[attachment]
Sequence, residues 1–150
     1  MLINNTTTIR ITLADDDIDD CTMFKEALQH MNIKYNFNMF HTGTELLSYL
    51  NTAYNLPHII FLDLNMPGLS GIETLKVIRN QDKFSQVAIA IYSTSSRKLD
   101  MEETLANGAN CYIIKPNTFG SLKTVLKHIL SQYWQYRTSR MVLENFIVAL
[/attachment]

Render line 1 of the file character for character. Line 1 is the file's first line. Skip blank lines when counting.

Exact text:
Sequence, residues 1–150